Following a showdown in the well of the U.S. Senate between Senate Majority Leader Harry Reid (D-Nev.) and Sen. Susan Collins (R-Maine), the vote to proceed to debate on the National Defense Authorization Act -- the bill that contains the "Don't Ask, Don't Tell" repeal amendment -- failed to secure the 60 votes needed for passage of the procedural vote. Passage only would have led to debate on the bill, not passage of the bill itself.
Even that, though, was too much for the partisan squabble that made its way to the chamber Thursday afternoon and ended in a 57-40 vote, three votes shy of those needed for debate.
With Reid praising Collins's work and saying that she should not be criticized, the majority leader attacked other Republicans for "stalling" consideration of the defense bill. Collins, who eventually voted yes to proceed, was not joined by any of her Republican colleagues, including Sens. Scott Brown (R-Mass.) and Lisa Murkowski (R-Alaska) -- who have said that they support repeal. Meanwhile, Democratic Sen. Joe Manchin (D-W.V.) also voted no. Sen. Blanche Lincoln (D-Ark.) was, apparently, at the dentist's office, and unable to vote. She came to the floor after the vote, saying, "would like to have been recorded as voting yes. ... Had I been here, I would have voted yes."
Quickly, however, Sen. Joseph Lieberman (I-Conn.), joined by Collins, held a news conference to announce an effort for a stand-alone bill, which Lieberman said should have more than 60 votes.
That effort, due to the timing, was just taking shape and would be difficult despite the support of Reid and others. As Lieberman said, "We're not kidding ourselves; this will not be easy." In addition, the House would have to take action to pass the stand-alone bill, and it was not immediately clear if this possibility had been discussed with the House leadership, which supports repeal.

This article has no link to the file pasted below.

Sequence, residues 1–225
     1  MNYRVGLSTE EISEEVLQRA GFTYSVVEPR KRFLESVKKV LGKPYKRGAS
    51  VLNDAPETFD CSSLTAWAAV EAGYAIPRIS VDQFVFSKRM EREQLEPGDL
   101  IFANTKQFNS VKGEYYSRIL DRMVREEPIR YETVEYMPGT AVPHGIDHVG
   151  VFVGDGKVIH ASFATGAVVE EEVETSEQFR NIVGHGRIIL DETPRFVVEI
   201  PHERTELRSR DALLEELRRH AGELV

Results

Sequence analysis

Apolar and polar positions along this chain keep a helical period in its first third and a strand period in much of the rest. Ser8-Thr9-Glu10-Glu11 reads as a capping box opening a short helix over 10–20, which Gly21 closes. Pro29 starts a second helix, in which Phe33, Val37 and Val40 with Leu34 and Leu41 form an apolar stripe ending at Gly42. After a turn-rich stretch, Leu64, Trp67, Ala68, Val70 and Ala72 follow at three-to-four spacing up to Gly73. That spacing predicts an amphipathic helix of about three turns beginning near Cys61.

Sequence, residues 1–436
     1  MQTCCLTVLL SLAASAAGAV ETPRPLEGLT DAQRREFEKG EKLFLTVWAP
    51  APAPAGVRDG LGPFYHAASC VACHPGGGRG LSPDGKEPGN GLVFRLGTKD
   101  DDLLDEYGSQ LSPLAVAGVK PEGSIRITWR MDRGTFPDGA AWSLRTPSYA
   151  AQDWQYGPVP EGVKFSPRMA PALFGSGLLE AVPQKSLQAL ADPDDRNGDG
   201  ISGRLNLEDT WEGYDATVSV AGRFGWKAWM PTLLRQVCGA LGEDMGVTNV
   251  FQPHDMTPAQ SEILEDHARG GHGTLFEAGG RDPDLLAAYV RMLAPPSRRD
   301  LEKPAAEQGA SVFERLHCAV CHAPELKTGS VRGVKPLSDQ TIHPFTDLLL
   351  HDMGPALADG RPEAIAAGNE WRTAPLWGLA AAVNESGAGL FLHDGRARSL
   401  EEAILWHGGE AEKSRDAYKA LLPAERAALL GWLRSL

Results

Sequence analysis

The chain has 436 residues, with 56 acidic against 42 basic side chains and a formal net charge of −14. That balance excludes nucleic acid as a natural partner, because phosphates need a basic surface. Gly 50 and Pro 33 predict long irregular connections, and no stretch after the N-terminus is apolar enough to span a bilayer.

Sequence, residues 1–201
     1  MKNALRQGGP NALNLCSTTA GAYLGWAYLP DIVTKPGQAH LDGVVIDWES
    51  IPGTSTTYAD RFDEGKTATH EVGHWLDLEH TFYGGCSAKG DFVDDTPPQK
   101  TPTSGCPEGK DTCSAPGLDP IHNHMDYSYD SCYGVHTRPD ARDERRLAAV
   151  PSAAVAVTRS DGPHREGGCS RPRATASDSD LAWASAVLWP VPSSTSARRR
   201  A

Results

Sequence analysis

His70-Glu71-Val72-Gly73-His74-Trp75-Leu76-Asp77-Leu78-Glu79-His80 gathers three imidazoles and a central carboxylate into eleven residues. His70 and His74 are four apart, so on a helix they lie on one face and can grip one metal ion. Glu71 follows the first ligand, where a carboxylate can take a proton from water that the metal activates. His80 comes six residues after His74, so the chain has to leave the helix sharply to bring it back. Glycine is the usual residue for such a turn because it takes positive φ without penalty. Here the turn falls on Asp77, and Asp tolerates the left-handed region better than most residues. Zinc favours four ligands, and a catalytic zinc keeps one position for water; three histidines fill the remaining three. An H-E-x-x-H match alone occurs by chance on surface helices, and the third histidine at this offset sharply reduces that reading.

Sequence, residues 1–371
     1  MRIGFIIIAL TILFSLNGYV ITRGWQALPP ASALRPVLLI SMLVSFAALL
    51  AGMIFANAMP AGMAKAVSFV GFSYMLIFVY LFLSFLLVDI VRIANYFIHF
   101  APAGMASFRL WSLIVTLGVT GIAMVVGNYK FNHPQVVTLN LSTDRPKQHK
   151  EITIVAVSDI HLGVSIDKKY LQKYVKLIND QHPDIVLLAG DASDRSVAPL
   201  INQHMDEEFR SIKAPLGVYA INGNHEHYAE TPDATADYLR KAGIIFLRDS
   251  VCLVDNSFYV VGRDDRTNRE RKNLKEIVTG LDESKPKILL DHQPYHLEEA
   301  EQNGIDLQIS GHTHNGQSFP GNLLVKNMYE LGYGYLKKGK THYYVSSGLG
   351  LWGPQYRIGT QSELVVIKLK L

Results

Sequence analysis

The NDAA vote, however, was a big loss for advocates fighting all year to get the measure to repeal DADT through Congress.
Human Rights Campaign President Joe Solmonese said in a statement provided to Metro Weekly, "Today leaders of both parties let down the U.S. military and the American people. Instead of doing what is right, 'the world's greatest deliberative body' devolved into shameful schoolyard spats that put petty partisan politics above the needs of our women and men in uniform.
"This fight is too important to give up despite this setback and we will continue fighting in this lame duck session. It's not over."
The Palm Center's deputy executive director, Christopher Neff, agreed, saying in a statement, "There is no legal or military rationale for the current law, only prejudice. It is now up to our civil leaders to consider every available legislative, executive and judicial option to move beyond 'don't ask, don't tell.'"
Servicemembers United executive director Alex Nicholson discussed the option being sought by Lieberman in a statement, saying, "Since the votes are there in isolation, the Senate should still consider a stand-alone bill to repeal the 'Don't Ask, Don't Tell' law before adjourning for the winter holidays."
Servicemembers Legal Defense Network executive director Aubrey Sarvis said of Lieberman's proposal, "We need to be on the bill that moves, period. We support Sen. Lieberman's plan to move a standalone bill.
"We also believe another viable option is the Continuing Resolution (CR) coming over from the U.S. House of Representatives," he said in the statement. "The Senate and the President must remain in session and in Washington to find another path for repeal to get done in the lame-duck."
HRC, which announced support for the stand-alone bill, also raised the possibility of a stop-loss order.
"The Senate's apparent refusal to act on 'Don't Ask, Don't Tell' repeal makes Presidential action imperative in order for him to fulfill his state of the union promise," Solmonese said. "The only measure of success is an end to the discharges and anything less is unacceptable."
The HRC release notes, "Under his powers to ensure national security following the September 11 attacks, the President has the ability to issue stop-loss orders preventing certain service members from discharge. Pending an enduring solution to this unjust and discriminatory law, the President can and should suspend DADT-related discharges under the stop-loss provision."
Minutes after the vote Sen. Mark Udall (D-Colo.) went to the floor to criticize the Senate's failure to move forward on the defense bill today and to echo Lieberman's recommendation, saying of DADT repeal, "I'm willing to stay through the holidays to debate it as a stand-alone measure."
"The best way to change the policy" is through Congress," he said. "The vote that we just had means that we won't have a debate on 'Don't Ask, Don't Tell.'"
Nicholson agreed, "This was a major failure on the part of the Senate to simply do its job and pass an annual defense authorization bill. Politics prevailed over responsibility today, and now more than one million American servicemembers, including tens of thousands of gay and lesbian troops, are worse off as a result."